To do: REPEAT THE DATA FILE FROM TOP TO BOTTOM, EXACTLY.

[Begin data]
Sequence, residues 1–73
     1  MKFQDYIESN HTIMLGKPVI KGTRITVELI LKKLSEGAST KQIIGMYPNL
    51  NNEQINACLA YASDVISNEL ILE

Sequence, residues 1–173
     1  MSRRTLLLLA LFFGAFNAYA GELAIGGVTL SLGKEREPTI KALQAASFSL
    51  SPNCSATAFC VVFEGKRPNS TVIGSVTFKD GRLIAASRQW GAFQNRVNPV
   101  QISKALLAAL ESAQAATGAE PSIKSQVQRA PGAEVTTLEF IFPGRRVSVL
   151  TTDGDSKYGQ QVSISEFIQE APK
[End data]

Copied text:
Sequence, residues 1–73
     1  MKFQDYIESN HTIMLGKPVI KGTRITVELI LKKLSEGAST KQIIGMYPNL
    51  NNEQINACLA YASDVISNEL ILE

Sequence, residues 1–173
     1  MSRRTLLLLA LFFGAFNAYA GELAIGGVTL SLGKEREPTI KALQAASFSL
    51  SPNCSATAFC VVFEGKRPNS TVIGSVTFKD GRLIAASRQW GAFQNRVNPV
   101  QISKALLAAL ESAQAATGAE PSIKSQVQRA PGAEVTTLEF IFPGRRVSVL
   151  TTDGDSKYGQ QVSISEFIQE APK